Canucks to play Chinese New Year game with special Year of the Dog jerseys

Kacy Wu - Richmond News

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Photo NHL.com

Following the Chinese New Year, the Vancouver Canucks will celebrate with festive warm-up jerseys and arena events in their game against the Boston Bruins on Feb. 17.

During a pre-game event Jan.30, Trevor Linden, former Canuck and president of hockey operations, NHL said “Vancouver being such a multi-cultural city, we are really excited about initiating things to celebrate Chinese New Year.”

Larry “King” Kwong, the first Asian NHL player. Image courtesy Canucks

The lucky dragon jersey was designed by a Chinese Vancouver designer, Charlie Chien. The jersey is in red and golden colour, featuring delicately embroidered dog patches for the Year of the Dog on the shoulders and chests. In Chinese culture, the colour combination of red and gold represents good fortune and wealth. The embroidered dog is a husky, which is believed to bring strength.

To kick off the game, the Canucks will honour the first Asian player in the NHL, Larry “King” Kwong, in a pre-game video and his daughter Kristina will be present for a ceremonial puck drop on his behalf.

Kwong was born in Vernon, B.C., and started his NHL journey March 13, 1948 as a member of the New York Rangers when they took on the Montreal Canadiens.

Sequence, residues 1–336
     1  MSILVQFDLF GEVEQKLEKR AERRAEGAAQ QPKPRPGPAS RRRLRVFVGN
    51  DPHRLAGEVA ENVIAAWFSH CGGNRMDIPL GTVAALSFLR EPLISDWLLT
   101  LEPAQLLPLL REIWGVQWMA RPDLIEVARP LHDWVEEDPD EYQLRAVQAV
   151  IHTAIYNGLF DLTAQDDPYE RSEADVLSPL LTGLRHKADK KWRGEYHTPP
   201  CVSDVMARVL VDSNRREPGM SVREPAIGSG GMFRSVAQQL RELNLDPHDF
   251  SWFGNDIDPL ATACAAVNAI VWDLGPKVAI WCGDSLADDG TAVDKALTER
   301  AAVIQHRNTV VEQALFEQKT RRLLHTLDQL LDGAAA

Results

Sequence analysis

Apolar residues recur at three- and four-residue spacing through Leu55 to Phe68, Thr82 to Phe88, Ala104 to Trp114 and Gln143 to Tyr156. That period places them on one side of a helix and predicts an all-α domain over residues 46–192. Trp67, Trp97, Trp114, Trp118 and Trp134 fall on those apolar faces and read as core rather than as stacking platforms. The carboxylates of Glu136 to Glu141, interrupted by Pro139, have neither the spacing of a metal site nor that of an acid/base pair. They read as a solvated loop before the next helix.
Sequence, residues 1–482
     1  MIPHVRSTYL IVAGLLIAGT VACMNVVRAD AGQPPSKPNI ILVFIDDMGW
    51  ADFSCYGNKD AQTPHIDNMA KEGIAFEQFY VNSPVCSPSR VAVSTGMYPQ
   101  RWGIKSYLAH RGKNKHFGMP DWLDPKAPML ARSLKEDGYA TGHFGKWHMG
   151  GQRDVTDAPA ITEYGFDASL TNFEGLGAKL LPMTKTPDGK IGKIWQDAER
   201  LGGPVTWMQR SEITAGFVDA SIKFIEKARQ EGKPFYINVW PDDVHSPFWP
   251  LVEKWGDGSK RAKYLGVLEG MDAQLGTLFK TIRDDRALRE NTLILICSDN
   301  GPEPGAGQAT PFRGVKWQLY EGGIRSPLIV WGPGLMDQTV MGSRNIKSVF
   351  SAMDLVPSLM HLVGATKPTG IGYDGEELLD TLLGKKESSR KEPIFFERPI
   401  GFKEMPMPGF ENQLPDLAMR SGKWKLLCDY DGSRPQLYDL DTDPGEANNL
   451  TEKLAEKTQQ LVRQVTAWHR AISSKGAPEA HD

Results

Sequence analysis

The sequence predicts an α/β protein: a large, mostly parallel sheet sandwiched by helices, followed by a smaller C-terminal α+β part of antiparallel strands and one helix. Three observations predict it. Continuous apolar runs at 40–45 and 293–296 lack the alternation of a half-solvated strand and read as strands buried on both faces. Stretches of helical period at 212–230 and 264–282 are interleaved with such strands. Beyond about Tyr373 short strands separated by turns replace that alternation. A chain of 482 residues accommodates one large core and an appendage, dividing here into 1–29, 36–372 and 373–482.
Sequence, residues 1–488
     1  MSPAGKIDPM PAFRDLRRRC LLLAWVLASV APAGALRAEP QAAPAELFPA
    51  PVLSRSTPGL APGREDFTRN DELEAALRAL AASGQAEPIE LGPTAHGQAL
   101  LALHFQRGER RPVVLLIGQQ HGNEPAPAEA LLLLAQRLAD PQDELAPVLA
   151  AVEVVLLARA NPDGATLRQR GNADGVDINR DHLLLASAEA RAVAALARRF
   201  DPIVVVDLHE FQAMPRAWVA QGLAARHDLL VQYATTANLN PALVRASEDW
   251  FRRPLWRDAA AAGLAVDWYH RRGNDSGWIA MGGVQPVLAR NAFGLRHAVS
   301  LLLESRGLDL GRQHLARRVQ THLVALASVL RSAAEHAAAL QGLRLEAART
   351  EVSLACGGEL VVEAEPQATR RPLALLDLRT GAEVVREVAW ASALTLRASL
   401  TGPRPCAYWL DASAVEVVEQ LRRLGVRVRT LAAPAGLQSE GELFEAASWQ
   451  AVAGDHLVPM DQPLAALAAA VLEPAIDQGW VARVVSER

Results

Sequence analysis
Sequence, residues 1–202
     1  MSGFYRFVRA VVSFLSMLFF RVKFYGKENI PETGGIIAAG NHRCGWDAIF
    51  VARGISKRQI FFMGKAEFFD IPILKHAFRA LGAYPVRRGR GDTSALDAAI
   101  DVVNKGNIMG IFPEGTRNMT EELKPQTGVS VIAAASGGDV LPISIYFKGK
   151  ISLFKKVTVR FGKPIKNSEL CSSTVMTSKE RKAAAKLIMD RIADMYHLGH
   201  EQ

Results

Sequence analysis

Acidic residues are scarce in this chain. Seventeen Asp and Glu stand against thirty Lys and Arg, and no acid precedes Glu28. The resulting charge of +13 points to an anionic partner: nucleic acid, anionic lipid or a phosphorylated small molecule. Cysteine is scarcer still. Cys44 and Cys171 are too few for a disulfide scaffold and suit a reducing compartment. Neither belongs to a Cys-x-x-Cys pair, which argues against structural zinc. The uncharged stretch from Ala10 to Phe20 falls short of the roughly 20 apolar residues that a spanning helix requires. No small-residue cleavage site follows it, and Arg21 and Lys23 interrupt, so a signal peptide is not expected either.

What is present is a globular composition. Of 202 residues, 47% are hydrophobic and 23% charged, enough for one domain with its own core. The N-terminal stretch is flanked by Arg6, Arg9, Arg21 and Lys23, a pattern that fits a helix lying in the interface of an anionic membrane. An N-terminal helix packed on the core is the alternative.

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Before the puck drop, there will be other celebrations outside Rogers Arena, such as a lion and dragon dance, Kung Fu performance and food trucks.

There are also special activities and food offered in the arena including pot stickers, wontons, crispy pork belly on rice, steamed soup dumplings and pork bao. The kid zone will offer custom fortune cookies, a dog-colouring contest and a red envelopes giveaway.

This is not the first time Canucks took in some Chinese culture. They played in the first-ever preseason NHL games in China last year September to against Los Angeles Kings. During the games, Canucks also wore special patches on their jerseys. The historic event was featured in Shanghai and attracted 23,000 fans.

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